RALEIGH, N.C. (WTVD) -- North Carolina's congressional delegation on Monday predictably took different sides on the new Article of Impeachment submitted by Democrats to Congress on Monday that accuses President Donald Trump of "incitement of insurrection."
The article is drawing support from more than 200 Democratic lawmakers, including the longtime congresswoman from Charlotte, Alma Adams.
"This is just so egregious what happened," Adams told ABC11. "Members of Congress, our staff, we all could have been killed. I would hope that we never have another person like Donald Trump to try to run for office and to serve."
The effort to impeach comes just a year after Senate Republicans acquitted President Trump of Abuse of Power and Obstruction of Congress, two Articles of Impeachment which passed the House last January. Sen. Mitt Romney, R-Utah, was the only Republican in either chamber to vote alongside Democrats incensed at the President's foreign policy conduct with Ukraine.
"I believe my colleagues on the other side of the aisle have been just as embarrassed as I have been, but they've been too embarrassed to say they're embarrassed," Adams said.
Indeed, North Carolina Republicans have been outspoken - at least in public - in support of President Trump and his claims that he won the 2020 election, despite some saying otherwise in private.
Madison Cawthorn, the freshman GOP congressman from outside Asheville, was among those who spoke at the January 6 rally that preceded the riot at the Capitol.
"American Patriotism will never be silenced! Honored to speak out in defense of the Constitution!" he tweeted from the stage that day.
In an interview Monday, Cawthorn expressed outrage and regret about what transpired but said he won't support impeachment.
"I think we all have a lesson to learn," Cawthorn said. "As the Bible says, 'A rudder can move a ship, your tongue can affect great change.' I was telling that crowd, 'I'm going to fight for you. Your voice is being heard. I'm going to affect change on your behalf.'"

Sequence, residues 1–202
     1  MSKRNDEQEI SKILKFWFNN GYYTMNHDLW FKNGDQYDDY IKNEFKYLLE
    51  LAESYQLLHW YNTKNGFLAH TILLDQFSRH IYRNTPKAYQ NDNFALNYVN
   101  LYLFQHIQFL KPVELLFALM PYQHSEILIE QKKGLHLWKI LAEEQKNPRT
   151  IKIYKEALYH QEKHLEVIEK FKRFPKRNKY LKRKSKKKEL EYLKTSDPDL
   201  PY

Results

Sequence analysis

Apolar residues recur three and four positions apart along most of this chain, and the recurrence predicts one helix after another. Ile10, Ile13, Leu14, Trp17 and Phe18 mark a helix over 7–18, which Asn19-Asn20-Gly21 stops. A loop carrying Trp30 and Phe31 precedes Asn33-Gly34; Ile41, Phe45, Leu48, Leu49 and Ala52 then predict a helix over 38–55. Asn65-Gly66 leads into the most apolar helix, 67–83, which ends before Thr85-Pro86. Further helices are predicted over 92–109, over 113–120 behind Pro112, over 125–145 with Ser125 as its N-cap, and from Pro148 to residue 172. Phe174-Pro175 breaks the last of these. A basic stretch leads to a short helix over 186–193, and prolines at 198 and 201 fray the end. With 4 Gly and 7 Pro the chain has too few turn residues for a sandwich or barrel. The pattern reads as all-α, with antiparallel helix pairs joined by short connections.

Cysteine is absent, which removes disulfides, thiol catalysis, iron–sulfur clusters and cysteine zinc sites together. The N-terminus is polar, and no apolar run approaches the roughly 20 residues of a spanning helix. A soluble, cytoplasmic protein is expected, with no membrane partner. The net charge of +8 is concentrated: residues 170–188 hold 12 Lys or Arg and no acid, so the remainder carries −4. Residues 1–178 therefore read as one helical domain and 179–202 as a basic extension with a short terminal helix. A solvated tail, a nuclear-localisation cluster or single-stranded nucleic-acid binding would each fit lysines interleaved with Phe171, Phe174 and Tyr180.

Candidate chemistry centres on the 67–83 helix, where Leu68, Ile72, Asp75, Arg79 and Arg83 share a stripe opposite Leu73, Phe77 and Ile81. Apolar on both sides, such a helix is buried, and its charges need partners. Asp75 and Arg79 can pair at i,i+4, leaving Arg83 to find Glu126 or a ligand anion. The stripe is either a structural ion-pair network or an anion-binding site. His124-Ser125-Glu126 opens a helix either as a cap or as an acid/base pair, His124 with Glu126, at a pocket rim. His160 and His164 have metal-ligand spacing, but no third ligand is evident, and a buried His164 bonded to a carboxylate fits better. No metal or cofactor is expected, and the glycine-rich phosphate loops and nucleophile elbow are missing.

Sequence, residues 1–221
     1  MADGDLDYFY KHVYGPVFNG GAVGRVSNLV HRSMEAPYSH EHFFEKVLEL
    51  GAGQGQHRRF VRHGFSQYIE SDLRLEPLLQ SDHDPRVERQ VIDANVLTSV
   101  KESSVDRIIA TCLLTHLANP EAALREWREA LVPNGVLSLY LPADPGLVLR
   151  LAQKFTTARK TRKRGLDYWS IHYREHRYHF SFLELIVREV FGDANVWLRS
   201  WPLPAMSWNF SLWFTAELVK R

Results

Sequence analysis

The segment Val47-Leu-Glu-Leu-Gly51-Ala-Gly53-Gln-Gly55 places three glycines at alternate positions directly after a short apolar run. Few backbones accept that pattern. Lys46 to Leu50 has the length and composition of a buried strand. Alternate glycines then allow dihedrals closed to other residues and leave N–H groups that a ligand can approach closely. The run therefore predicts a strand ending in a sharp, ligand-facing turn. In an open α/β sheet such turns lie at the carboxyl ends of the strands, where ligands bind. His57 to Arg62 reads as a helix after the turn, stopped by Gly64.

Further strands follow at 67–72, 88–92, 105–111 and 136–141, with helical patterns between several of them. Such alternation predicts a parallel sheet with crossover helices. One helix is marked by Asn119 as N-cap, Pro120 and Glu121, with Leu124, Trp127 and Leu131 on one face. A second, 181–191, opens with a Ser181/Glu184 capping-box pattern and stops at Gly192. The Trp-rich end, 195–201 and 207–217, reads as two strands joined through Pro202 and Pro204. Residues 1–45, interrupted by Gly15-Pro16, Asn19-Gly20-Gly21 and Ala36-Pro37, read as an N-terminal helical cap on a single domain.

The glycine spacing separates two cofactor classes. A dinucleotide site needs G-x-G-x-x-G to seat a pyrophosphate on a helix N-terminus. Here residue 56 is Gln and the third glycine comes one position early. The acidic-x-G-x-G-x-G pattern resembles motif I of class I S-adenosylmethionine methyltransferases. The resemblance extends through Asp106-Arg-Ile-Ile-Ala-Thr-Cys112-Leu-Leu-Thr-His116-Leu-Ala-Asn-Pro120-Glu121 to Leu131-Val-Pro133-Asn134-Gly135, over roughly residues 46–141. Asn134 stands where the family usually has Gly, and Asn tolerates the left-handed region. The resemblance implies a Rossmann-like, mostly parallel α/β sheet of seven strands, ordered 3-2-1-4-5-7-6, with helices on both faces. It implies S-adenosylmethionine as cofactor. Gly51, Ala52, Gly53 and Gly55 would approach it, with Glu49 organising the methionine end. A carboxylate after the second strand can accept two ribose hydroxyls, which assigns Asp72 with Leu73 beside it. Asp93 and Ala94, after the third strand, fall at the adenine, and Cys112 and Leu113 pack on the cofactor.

Cawthorn, just 25 years old, is the youngest member of Congress and has quickly gained national prominence as a potential future leader of the party.
"We've slid back our movement years and years. We've lost years of progress. It's a sad state of affairs," Cawthorn said. "The Republican Party is leaderless right now. It's very fluid trying to figure out what it is. My heart hurts for where the country is at just to see people with American flags and Trump flags, people who normally I associate with, storming our Capitol. It's sickening and infuriating."
Though he thinks the majority of Wednesday's crowd was "peaceful," Cawthorn still blasted the violent mob as "weak-minded and pathetic" and that "they lacked the self-discipline to check their own and anger and rage."
As for Trump, whom Cawthorn has supported, the Congressman said he doesn't think Trump's words would meet a legal standard of incitement, though he admits he's unsure of the standards for impeachment's clause of high crimes and misdemeanors.
"I think when the president said we're going to march down to the Capitol and I'm going to march with you that was a major mistake. He never should've directed that crowd toward the Capitol," Cawthorn said. "The bad outcome was destined at that point."
The apparent mea culpa from the congressman is significant in many ways, not least of which the contrast from Cawthorn's own statements over the past few months, including a lively appearance at the conservative Turning Point USA's Student Action Summit.
"This new generation of Republicans is going to redefine what it means to be a Republican. We are going to be the party that is known to fight," Cawthorn told a cheering crowd on Dec. 21
"Call your congressman and feel free, you can lightly threaten them," he added. "Say, 'if you don't support election integrity I'm coming after you, Madison Cawthorn's coming after you, everybody's coming after you.'"
Asked about those remarks, Cawthorn said he regretted their implications and said they were taken out of context. He promised to build a legacy "to fight with ideas and words."'
Cawthorn "needs to be held accountable for his seditious behavior and for the consequences resulting from said behavior," a group of Democratic officials wrote in a letter asking House Speaker Nancy Pelosi to expel him.
Moving forward, Cawthorn said he's now looking forward to finding common ground with Democrats and the incoming Biden administration on many issues, including expanding rural access to broadband and infrastructure.
"We should be second to none in the world on having the most modernized and efficient and high-tech country on the planet."